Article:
When children attend high-quality preschools, something magical happens.
In quality pre-K classrooms, children use top-notch resources to experiment with nature and astronomy. They use blocks to explore how to build. They engage in vocabulary-rich conversations. All of this could help produce future scientists, novelists or architects.
While it might seem like a far reach to correlate preschool learning to successful adulthood, research demonstrates that high-quality early education helps children’s cognitive learning and social/emotional development, builds a foundation for lifelong learning, and improves skills for the workforce of tomorrow. Quality preschool programs are also critically important to reducing dropout rates, remedial job training, criminal behavior and costly services that are a drain on economic growth.
For every $1 invested in high-quality preschool, society reaps as much as $16 in long-term savings, according to a cost-benefit analysis of the Perry Preschool Study, a research project that spanned 40 years.
It’s hard to ignore such compelling evidence.
That’s why PNC has made it a priority to support high-quality early childhood education through PNC Grow Up Great, our multiyear $350 million initiative to help children from birth to age 5 develop a lifelong love of learning. With support from the PNC Foundation, the program creates opportunities for our employees to help the communities in which they live and work, by encouraging volunteerism, participation through public advocacy, and awareness building.
In fact, we provide employees with up to 40 hours of paid time per year to volunteer at high-quality early education centers as a way to introduce them to civic engagement. To date, our teams have volunteered over 822,000 hours.
Locally, our commitment to early education compelled PNC to invest in the Indy Pre-K Program, a five-year, $41.4 million initiative created to increase the number of 3- and 4-year-old children in Marion County with access to high-quality early childhood centers. Expiring in 2020, this program was intended as a bridge to sustainable state support.
In addition to preparing children for success in school and life, having access to high-quality pre-K also enables parents to focus on improving their own skills to secure better jobs to support their families. This is critically important in Indiana, where half of all families with young children are considered low-income, and one-fourth of these children live in poverty.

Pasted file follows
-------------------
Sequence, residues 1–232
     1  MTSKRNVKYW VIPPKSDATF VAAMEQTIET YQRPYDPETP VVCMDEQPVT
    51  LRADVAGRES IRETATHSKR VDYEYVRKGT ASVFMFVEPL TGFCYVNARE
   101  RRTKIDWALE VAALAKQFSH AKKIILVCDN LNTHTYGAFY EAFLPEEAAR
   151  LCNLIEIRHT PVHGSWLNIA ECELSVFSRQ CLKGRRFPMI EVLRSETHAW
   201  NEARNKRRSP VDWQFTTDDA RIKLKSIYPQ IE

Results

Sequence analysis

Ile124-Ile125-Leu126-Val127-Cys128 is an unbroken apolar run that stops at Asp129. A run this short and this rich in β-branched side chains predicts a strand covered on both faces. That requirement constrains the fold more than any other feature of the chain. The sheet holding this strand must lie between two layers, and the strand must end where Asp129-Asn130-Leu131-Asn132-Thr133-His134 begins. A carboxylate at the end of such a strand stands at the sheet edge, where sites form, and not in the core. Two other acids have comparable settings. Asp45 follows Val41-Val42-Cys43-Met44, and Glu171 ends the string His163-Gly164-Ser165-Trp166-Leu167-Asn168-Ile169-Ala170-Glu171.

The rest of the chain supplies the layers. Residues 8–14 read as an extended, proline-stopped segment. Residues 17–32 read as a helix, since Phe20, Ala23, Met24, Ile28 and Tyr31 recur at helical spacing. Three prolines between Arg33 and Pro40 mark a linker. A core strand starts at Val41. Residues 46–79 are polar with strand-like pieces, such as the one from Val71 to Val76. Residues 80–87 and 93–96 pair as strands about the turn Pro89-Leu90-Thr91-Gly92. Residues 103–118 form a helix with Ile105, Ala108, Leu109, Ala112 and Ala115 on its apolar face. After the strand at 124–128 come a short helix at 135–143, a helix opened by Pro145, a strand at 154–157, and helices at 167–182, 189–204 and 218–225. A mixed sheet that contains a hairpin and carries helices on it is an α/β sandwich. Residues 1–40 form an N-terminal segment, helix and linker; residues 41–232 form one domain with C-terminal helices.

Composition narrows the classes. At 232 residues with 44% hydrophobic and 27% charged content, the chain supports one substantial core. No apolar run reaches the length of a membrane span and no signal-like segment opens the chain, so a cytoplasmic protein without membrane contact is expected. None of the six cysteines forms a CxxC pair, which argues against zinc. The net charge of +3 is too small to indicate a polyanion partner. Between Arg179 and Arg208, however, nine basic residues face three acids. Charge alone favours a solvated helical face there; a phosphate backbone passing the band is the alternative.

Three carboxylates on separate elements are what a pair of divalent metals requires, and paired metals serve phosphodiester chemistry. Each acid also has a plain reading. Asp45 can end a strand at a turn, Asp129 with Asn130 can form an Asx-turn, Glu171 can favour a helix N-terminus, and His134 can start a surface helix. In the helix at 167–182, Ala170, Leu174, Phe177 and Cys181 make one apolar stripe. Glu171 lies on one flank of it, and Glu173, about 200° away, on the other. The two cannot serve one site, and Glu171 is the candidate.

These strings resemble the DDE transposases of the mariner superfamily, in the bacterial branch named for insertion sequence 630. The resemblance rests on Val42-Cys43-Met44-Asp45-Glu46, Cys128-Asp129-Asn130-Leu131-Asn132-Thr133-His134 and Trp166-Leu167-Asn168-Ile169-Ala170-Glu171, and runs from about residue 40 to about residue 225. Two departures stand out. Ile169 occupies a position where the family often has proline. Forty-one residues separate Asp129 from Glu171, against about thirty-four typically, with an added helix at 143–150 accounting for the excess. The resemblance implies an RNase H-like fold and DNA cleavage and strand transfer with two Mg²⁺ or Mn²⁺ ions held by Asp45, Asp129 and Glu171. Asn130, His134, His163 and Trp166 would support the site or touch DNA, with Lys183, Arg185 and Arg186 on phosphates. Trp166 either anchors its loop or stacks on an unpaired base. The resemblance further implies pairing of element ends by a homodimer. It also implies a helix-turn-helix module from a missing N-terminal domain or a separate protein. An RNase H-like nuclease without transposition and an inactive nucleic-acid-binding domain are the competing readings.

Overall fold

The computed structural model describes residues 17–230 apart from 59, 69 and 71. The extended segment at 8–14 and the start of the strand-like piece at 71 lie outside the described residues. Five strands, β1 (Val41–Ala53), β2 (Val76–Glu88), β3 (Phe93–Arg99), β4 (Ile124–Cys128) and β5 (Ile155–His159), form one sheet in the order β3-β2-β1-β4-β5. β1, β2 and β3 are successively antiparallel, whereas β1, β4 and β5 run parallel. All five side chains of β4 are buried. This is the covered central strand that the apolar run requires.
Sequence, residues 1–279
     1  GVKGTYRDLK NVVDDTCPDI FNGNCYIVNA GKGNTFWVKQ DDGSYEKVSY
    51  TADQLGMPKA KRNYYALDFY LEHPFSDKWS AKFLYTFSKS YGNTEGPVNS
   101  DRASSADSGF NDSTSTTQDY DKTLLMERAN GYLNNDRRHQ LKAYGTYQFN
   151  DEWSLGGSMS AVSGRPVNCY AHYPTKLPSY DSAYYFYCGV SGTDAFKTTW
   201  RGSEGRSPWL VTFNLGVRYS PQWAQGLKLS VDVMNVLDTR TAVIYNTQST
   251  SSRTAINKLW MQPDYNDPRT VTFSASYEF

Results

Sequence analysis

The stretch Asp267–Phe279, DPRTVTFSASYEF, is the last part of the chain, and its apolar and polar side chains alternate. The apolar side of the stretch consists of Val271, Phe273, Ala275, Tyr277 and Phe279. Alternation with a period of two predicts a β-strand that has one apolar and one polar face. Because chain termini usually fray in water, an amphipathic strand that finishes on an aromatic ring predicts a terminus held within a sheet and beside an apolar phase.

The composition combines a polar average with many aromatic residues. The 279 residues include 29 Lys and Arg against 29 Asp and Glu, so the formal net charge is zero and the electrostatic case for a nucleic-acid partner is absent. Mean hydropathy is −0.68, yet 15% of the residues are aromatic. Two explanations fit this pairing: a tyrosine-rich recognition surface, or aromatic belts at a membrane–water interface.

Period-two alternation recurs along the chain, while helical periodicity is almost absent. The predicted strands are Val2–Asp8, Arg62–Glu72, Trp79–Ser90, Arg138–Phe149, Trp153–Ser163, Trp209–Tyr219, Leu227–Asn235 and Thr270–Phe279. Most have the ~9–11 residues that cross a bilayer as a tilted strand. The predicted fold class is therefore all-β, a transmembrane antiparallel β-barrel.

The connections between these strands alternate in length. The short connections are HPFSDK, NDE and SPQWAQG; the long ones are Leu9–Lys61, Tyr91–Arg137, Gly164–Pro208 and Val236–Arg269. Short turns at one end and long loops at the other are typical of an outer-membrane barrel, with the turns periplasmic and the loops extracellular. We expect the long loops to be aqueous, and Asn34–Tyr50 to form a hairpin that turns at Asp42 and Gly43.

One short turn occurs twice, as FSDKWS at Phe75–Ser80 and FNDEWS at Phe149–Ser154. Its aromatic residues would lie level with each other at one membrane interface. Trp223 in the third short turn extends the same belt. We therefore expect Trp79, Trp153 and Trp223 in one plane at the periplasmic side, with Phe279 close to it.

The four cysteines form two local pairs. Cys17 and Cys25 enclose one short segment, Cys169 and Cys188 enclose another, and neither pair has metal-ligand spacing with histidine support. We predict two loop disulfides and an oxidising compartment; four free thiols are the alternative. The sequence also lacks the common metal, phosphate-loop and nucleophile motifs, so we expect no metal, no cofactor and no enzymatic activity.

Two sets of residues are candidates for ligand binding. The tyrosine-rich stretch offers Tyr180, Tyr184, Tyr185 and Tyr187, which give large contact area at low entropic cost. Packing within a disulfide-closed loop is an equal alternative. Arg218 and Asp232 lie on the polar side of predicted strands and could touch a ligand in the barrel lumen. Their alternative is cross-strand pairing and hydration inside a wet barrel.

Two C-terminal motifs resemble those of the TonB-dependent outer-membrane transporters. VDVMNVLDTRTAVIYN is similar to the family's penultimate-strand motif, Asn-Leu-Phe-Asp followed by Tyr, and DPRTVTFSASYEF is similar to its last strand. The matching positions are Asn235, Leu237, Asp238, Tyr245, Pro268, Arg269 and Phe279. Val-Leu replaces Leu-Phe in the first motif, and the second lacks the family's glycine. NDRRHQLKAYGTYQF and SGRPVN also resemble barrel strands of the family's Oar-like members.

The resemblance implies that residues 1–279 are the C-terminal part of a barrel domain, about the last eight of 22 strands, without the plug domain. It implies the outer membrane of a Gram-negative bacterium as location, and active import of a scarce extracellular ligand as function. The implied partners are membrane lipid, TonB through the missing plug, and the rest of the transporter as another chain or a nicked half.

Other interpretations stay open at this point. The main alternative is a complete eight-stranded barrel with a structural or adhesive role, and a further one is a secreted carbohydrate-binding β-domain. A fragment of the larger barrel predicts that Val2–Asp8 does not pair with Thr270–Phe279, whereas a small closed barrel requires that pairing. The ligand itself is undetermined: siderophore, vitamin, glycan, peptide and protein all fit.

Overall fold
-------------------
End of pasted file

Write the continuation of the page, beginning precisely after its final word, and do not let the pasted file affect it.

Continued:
While all children benefit from high-quality pre-K, children from low-income families often make the most significant gains. That is why we have stood alongside our regional business peers, such as Eli Lilly and Co. and Cummins Inc., as well as United Way, Indy Chamber, Early Learning Indiana and many more, to actively advocate for the state to expand access to quality preschools for at-risk children.
I have spent time testifying before our legislators to help them understand why this issue is critical for our region’s success. The state has been supportive, through the On My Way Pre-K program, but needs to do more. Through the combined state and Indy Pre-K programs, we are serving 3,525 4-year-olds. Clearly, we can do better.
We currently have 40,000 4-year-olds living in poverty in Indiana. We need to combine our efforts if we are to reduce that alarming number and position them for success.
While Indiana continues to work on ways to compete in a global economy and attract high-quality jobs, we need a parallel effort to create a pipeline of educated, skilled employees. Giving children a strong start will make an enormous difference for Indiana’s economy today and for generations to come.
We tell our customers that the choices they make right now matter tomorrow. But these words would ring hollow if we didn’t live by them ourselves. I urge you to join us and advocate for those who do not have the opportunity or means to speak for themselves.•
Stuart is the PNC regional president for central and southern Indiana. She is vice chairwoman for the Indy Chamber and treasurer of the Central Indiana Corporate Partnership and was recently chairwoman of the United Way of Central Indiana.